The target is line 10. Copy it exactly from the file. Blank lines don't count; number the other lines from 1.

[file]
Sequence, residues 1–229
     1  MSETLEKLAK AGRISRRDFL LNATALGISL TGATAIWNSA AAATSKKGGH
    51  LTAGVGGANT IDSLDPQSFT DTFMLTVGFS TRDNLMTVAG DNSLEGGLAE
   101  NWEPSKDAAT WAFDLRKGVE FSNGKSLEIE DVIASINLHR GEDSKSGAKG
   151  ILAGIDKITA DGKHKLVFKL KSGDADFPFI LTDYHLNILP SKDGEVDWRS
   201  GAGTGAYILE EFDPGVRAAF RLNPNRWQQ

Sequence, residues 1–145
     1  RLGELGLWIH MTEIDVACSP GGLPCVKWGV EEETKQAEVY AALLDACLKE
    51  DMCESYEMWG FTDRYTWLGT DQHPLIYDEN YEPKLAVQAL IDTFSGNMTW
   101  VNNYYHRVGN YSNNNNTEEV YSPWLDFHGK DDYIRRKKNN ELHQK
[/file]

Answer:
   101  VNNYYHRVGN YSNNNNTEEV YSPWLDFHGK DDYIRRKKNN ELHQK